Donor revealed for turf field
AMHERST – Polly Calvetti would sit in the Souhegan High School stadium, all bundled up, to watch her children and grandchildren play football.
"It was the highlight of her week," said her granddaughter, Angela Hornor, at the groundbreaking ceremony Monday for an artificial turf field at the stadium.
Polly "would have been thrilled," Hornor said, that Souhegan will be installing the field with funds donated by their family, because contributing to youth sports was always a wish of her grandparents.
Polly Calvetti died in 2012. Her husband, Nicholas E. Calvetti Sr., died in 1981. On Monday, their son, Nick Calvetti, and several other family members gathered with community leaders and school officials on what will be called the Calvetti Family Field.
Nick grew up in Milford and played soccer, basketball and baseball at Milford High School. He graduated from Bentley College, the first family member to earn a college degree, and went on to earn a master’s degree from the University of Colorado. Eventually, he took over Amherst Label, the Milford company his parents started.
Last spring, school officials announced that an anonymous donor offered the community $500,000 to install artificial turf on the football field, contingent upon raising the balance of the nearly $1 million cost by Dec. 31.
Volunteers on the Stadium Project Committee raised the more than $400,000 needed to complete the project, mainly through the sale of enscribed bricks. On Monday, the Calvetti family shed its anonymity.
The youths of Amherst and Mont Vernon have needed a turf field for many years, Nick Calvetti said.
"It was my mother’s wish to honor my dad" and to contribute to youth sports, he said.
Nick’s son, Nicholas, a member of the Souhegan High School Class of 2011, played football here and remembers Thanksgiving games when the rain would make the field rocky and muddy.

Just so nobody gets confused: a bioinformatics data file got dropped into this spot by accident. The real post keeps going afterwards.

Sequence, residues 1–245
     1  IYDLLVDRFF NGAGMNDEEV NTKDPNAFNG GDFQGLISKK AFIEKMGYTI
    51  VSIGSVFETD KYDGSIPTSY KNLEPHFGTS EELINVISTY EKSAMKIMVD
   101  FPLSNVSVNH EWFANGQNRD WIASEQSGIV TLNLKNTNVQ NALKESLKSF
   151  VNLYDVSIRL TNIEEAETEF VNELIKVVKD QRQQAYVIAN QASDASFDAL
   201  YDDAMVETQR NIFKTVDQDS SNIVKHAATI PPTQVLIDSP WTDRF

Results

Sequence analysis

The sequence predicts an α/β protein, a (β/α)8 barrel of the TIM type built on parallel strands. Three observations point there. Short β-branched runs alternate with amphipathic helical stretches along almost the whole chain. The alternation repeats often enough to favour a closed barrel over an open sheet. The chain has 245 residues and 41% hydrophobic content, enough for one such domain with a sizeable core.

Turf will "definitely be an improvement for all sports," he said.
Amherst and Mont Vernon, part of the Souhegan School District, have been struggling in recent years to find enough field space and not to overuse the fields they have. The new turf will allow the football field to have much broader use, not only for football, but also for soccer, lacrosse and field hockey and for baseball and softball practice sessions, said Travis Warren, chairman of the Stadium Project Committee.
Artificial turf can be plowed in April and allows for practice sessions earlier in the spring and later into the fall, with no need to wait for the field to dry.
"All the amenities are here" – lights, parking, snack bar and restrooms, Warren said, and until now, they have had little use.
At a public forum on the project last summer, questions about the safety and comfort of artificial fields came up. Warren said New Jersey and other states have spent a lot of money researching turf and decided it is safe.
A representative of a turf manufacturing company acknowledged that during three or four weeks in the summer, the field will be fairly hot, but during the rest of the year, it will be "soft, warm and comfortable."
There will be a more formal dedication ceremony in the fall, after the project is complete.
Kathy Cleveland can be reached at 673-3100 or email@example.com.